Attorney General: Citing Israel's Nation-state Law in Ruling on Busing Arab Kids Was Flawed

Two siblings asked the city of Carmiel to reimburse their daily travel expenses to and from Arabic-language schools outside of the town, which has no such schools

Noa Shpigel
Noa Shpigel
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Carmiel is a predominantly Jewish city in an area with a large Arab population. Credit: Yaron Kaminsky
Noa Shpigel
Noa Shpigel

Attorney General Avichai Mendelblit believes the dismissal, based on the so-called nation-state law, of a lawsuit filed by two Arab siblings against their town expressed a misinterpretation of that law.

A brother and sister, aged 6 and 10, had asked the Krayot Magistrate’s Court to order the city of Carmiel to reimburse their daily travel expenses to and from Arabic-language schools outside of the town, which has no such schools.

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In his ruling Court Registrar Yaniv Luzon wrote that finding for the plaintiffs could “damage the city’s character” by encouraging Arabs to live in Carmiel, thus violating one of the articles in the Basic Law on Israel as the Nation-State of the Jewish People.

“Carmiel, a Jewish city, was meant to establish Jewish settlement in the Galilee,” Luzon wrote. “Establishing an Arabic-language school... [and] funding school transportation for Arab students... could change the demographic balance and damage the city’s character.” The city’s population is about six percent Arab.

Mendelblit was responding to a request submitted to the High Court of Justice in regard to a pending petition against the law. The Meretz party is asking that Luzon’s ruling be attached to the petition in order to show that the nation-state law, which was passed in 2018, has concrete ramifications.

Mendelblit, who is named as a respondent in the petition, wrote that he had no objection to including the verdict and added that it “reflects in his opinion a flawed interpretation” of the nation-state law.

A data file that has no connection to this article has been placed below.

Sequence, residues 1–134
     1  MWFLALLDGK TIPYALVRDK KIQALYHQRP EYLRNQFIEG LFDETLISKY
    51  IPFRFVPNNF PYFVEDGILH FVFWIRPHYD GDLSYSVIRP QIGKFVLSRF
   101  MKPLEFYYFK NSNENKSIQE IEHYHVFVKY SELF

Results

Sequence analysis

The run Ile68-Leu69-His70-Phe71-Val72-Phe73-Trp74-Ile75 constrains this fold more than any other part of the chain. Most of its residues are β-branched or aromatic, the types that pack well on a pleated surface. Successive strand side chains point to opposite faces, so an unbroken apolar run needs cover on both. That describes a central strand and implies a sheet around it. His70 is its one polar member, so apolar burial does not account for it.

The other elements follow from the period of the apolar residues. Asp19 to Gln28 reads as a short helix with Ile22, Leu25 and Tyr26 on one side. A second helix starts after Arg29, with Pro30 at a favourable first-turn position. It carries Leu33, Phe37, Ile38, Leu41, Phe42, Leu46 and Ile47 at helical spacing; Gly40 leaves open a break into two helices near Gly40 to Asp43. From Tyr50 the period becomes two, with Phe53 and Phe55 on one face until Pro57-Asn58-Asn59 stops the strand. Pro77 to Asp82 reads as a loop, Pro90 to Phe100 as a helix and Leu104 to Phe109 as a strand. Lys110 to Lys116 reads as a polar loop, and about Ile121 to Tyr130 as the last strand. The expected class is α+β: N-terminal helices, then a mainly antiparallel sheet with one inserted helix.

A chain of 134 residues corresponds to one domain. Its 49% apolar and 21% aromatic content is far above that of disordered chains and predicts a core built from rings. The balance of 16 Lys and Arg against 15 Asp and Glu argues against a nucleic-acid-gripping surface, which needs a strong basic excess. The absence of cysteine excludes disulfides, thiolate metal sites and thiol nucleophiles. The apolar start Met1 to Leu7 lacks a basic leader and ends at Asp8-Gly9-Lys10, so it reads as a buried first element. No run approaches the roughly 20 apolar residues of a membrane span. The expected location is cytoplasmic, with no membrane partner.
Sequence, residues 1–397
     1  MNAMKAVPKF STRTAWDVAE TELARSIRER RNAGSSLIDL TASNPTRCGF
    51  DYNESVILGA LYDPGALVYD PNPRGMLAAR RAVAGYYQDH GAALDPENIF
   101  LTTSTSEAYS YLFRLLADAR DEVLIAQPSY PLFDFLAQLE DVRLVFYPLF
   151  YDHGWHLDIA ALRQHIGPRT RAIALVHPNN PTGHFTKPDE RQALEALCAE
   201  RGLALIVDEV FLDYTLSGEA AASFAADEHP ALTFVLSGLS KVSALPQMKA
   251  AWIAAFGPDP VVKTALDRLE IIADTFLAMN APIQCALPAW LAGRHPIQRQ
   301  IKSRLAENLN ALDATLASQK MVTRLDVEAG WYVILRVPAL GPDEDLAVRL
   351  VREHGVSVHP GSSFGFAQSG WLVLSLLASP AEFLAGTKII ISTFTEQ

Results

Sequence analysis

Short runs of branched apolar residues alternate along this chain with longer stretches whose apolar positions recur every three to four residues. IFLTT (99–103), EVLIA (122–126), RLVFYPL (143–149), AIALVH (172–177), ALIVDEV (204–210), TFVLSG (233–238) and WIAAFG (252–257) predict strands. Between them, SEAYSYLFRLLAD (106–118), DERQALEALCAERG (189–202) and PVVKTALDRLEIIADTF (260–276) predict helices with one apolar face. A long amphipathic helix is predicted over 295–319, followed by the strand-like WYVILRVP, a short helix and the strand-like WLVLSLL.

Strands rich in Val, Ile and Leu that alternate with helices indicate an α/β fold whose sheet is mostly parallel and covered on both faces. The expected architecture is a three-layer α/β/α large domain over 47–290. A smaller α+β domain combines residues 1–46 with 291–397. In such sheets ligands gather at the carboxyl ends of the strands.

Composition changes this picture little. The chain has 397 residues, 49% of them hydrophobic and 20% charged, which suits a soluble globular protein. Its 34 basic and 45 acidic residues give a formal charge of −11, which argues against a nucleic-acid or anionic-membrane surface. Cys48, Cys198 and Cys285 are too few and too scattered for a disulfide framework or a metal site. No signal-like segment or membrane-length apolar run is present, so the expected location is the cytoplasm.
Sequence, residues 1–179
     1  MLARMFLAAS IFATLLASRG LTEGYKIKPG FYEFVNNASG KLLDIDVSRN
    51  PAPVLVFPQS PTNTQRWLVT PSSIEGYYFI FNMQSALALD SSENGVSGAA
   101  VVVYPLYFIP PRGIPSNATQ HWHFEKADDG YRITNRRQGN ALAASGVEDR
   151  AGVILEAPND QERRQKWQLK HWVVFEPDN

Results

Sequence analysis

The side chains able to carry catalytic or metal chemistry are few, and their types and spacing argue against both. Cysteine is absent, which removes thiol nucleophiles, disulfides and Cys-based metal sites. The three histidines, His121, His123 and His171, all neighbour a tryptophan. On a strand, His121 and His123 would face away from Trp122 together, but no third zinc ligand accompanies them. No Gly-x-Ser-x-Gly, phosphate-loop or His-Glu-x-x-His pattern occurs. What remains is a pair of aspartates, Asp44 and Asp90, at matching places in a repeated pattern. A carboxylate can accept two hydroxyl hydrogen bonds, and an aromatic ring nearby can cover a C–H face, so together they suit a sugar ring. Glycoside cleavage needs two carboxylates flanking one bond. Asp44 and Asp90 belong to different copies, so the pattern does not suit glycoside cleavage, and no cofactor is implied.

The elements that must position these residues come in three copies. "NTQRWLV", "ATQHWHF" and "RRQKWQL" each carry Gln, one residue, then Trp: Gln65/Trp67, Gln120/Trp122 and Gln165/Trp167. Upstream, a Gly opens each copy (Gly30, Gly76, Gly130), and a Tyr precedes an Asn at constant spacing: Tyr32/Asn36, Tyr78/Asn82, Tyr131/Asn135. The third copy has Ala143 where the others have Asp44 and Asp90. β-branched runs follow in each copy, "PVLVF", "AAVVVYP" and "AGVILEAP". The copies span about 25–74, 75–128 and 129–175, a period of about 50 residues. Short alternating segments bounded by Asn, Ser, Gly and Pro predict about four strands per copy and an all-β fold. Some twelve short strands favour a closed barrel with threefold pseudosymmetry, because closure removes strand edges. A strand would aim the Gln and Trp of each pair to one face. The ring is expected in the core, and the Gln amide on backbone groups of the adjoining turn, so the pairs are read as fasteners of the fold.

The law “does not detract from the rights of the individual that are protected in other Basic Laws, in particular the Basic Law on Human Dignity and Liberty. As such, the new Basic Law must not be read as an anchor or a base for depriving children in Israel of their rights, including the right to an education.” He added that this misinterpretation of the law cannot serve as the basis for deciding on “funding school transportation in Carmiel for Jews only.”

The Knesset caucus leader of Meretz, Tamar Zandberg said in a response: “When we filed the petition there were people who said the law was unimportant and solely symbolic, but after the court registrar rejected the principle of equality for the “principle” that Carmiel will be a Jewish city, violating the fundamental rights of children who only wanted education, the attorney general now understands that the use of this law is liable to be improper and discriminatory.”

Eran Lev, the lawyer representing Meretz in the petition, said: “A Basic Law that can be given such a discriminatory and exclusionary interpretation is a dangerous law that should be erased.”

The High Court is scheduled to begin deliberations on the petition against the nation-state law Tuesday in an expanded panel of 11 justices.

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